From IIT Roorkee to ISB Hyderabad – Agniv Dutta shares his experience

AgnivAfter putting in 2 semesters of rigorous training, mustering a 720 in the GMAT, and surmounting 3 grueling rounds of selection procedures, Agniv Dutta, one of our most diligent students, has finally been admitted to the Young Leader’s Program of the Indian School of Business, Hyderabad! His success stands testimony to the hard work and effort he put in to accomplish his goal of getting into a premier B School, setting the ideal for aspirants across the country and the world. In the following interview, Agniv generously offers us insights into his journey to the ISB – YLP.

Attention: The following are the views of Agniv Dutta. The opinions/arguments expressed here reflect Agniv?s personal deductions based on his experiences. Every individual is entitled to his/her opinion. This article is not intended to libel anyone, but to share a personal experience. He has presented reasons to support his opinions as far as possible; however, if anyone feels the contents of this article are false/ presumptuous, he/she may post a comment/ write back to us. If they are proven right, necessary action will be taken. Aret??doesn’t?necessarily endorse these views as its own.?

1.?Of all the stages of selection to the ISB ? YLP, which did you find the toughest, and why?

” The final round, i.e., the interview round of the YLP was perhaps the toughest round in the application process. I had never had a serious interview before and I was very scared. For the first two rounds, whenever I needed help I would pick up my phone and call Abhishek Sir or one of my friends for advice. But this couldn’t happen during an interview.

?The first task on my list was to overcome my fear of facing an interview. I wasn’t sure what to expect, whether it would be a stress interview, what were the possible questions that could catch me off-guard, etc. But after a bit of coaching from Sir, I was more confident to tackle the various questions.

While preparing for the interview, there was a lot of material to read, but little available time. I devoted as much time to the preparation as I could. It was rather exhausting, but I managed somehow. There was no short-cut available for this.?I had to read up a lot of material, especially on the things I had mentioned in my essays. I needed to be thorough with my resume too, and this included reading up project and internship reports and glancing through some of the topics I had mentioned under ‘Additional courses taken’ such as Economics, Banking and Finance and Business Management and Marketing. I was not sure of what they would ask me and so I was trying to secure all fronts. I also updated my knowledge in all major issues pertaining to world economy: this involved reading up blogs and several newspaper articles. I had also to prepare for the case study. Mid-semester examinations were also looming close. The process turned out to be very exhausting as I effectively had only a week or so to prepare for the interview.”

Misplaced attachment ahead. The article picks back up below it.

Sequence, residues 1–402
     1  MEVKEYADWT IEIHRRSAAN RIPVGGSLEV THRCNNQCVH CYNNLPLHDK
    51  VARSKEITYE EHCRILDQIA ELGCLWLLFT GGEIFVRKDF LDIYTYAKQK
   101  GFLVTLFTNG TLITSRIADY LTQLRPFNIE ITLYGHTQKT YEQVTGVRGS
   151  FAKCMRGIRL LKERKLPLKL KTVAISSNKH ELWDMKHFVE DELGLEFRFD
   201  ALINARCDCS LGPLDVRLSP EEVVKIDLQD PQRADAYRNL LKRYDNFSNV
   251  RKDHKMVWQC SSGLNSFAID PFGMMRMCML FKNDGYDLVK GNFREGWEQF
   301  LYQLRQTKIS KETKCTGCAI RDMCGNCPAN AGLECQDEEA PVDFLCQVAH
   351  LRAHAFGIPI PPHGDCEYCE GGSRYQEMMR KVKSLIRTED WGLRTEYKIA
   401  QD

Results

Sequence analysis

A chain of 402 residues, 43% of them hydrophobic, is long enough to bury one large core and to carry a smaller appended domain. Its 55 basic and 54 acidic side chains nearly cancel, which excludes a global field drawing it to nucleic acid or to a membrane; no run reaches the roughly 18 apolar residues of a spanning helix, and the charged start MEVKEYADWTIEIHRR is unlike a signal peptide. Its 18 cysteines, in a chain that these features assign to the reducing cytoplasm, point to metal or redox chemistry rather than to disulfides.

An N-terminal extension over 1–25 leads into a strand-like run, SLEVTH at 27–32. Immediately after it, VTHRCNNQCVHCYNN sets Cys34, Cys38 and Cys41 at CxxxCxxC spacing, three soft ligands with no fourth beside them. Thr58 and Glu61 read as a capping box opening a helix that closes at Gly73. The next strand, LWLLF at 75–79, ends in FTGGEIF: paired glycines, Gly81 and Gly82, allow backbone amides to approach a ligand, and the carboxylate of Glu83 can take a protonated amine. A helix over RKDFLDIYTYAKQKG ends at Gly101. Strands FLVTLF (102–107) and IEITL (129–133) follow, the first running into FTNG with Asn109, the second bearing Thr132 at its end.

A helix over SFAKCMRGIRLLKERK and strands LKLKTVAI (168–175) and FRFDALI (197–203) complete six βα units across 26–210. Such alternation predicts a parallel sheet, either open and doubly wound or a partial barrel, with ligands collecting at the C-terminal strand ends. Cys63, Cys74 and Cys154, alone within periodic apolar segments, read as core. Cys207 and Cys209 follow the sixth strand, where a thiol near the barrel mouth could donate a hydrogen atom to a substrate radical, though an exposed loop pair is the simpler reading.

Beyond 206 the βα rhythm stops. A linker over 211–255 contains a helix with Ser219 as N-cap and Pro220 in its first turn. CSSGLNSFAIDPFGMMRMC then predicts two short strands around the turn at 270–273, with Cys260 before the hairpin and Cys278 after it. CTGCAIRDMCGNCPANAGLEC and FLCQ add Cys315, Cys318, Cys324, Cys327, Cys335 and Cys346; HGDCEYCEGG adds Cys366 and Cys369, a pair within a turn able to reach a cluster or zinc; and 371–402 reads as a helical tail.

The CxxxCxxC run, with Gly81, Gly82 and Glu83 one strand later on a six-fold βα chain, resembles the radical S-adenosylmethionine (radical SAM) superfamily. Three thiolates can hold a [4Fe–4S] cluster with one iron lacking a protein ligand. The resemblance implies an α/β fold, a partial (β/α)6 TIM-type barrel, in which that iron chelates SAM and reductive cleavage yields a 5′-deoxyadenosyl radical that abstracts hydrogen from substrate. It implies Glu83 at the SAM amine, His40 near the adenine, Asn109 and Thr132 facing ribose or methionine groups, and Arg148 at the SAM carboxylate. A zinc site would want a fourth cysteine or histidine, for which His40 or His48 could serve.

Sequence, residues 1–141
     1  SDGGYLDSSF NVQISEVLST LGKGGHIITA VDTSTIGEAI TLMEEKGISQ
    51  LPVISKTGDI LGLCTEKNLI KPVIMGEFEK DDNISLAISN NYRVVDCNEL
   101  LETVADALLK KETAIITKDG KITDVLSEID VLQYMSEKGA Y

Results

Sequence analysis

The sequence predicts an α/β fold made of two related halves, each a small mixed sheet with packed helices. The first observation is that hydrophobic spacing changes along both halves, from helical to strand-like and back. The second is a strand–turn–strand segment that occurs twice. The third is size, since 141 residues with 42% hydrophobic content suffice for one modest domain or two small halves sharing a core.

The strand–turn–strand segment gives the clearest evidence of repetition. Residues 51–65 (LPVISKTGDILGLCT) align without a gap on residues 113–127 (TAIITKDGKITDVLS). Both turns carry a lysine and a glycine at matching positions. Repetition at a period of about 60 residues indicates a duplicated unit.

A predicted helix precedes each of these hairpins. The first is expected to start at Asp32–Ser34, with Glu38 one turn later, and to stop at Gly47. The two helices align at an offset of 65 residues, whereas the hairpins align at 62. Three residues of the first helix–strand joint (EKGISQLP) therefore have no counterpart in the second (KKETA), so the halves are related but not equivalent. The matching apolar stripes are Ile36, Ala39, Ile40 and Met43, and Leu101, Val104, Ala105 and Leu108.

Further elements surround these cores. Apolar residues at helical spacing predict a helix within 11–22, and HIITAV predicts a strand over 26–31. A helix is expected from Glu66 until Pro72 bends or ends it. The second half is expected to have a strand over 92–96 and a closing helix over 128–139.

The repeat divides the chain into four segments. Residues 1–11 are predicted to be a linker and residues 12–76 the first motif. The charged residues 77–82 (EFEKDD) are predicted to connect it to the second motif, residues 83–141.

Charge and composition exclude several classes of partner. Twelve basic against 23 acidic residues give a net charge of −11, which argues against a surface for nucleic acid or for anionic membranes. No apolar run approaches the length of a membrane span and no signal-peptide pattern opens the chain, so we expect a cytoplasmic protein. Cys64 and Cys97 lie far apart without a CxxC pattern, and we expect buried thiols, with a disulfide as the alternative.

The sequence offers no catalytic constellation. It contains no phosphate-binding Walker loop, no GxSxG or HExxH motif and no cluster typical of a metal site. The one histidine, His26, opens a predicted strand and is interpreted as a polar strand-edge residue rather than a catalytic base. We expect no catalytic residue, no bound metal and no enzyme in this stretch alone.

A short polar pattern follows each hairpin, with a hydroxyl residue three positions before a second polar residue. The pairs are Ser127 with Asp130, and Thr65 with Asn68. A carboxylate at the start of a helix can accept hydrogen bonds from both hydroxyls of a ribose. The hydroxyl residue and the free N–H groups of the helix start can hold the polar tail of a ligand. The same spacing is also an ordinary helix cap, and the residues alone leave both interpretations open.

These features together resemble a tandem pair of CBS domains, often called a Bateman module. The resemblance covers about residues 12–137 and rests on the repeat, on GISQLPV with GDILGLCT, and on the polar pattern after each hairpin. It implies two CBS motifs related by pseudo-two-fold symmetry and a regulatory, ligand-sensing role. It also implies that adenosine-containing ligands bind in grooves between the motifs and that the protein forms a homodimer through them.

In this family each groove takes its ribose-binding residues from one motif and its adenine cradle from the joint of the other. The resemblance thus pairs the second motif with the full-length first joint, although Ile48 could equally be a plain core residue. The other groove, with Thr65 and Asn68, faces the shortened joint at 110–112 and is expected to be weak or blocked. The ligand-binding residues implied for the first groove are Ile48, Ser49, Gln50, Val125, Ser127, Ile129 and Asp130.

2.????? What does it take to score a 720 in the GMAT? How did you prepare for each of its sections? What was your routine like?

“I had devoted four to five hours each day for one solid month during my summer vacation in order to prepare for the GMAT. I had ordered the GMAT Official books along with Barron?s GMAT, Kaplan and some other books and concentrated on solving the various problems in them. For AWA essays, I would write the essays and mail them to Abhishek Sir, and he would review them for me. The most important thing was, however, writing enough mock tests (easily available online) because they help in establishing an efficient time management system for the test.”

3.????? Describe the most prominent experiences of the application phase. What does it take to write a winning SoP/Essay? Any secret formula?

“Writing the three essays for the second round of YLP was perhaps the most prominent experience for me during the application process. It made me introspect a great deal. I was able to convince myself more than ever before as to why I wished to pursue an MBA and what its advantages really were.

For writing a great essay, one needs to be very honest with one?s own self. These essays are the topics on which interviewers mostly grill the applicants and the former are experienced enough to catch onto bluffs in the essays. So the best way is to be honest and original. The essays should show that the applicant has clarity in his thoughts and ideas.

I would usually write a first draft of the essay, get it reviewed by Abhishek Sir and a bunch of my friends. After a great deal of remodeling over a week or two, when Sir was finally pleased with the essay, I would submit it.”

4.????? Describe your Final Interview and Case Study phase in detail. What happened? What were the questions asked? How did you answer them?

“My interview was on the 19th of September. The case study was scheduled at 8:45am and the interview at 1:40pm.

In order to prepare for the Case Study, I found the book ?A Case in Points? to be very useful. My topic for the Case Study was: A home video producing company?s contract with its distribution partner is on the verge of expiration. The distribution partner is one of the leaders in the industry. However, the home video producing company feels that some of the terms in the new contract may not be to its advantage. Should the company renew its contract with the same distribution company or should it establish its own distribution wing? Make your own assumptions.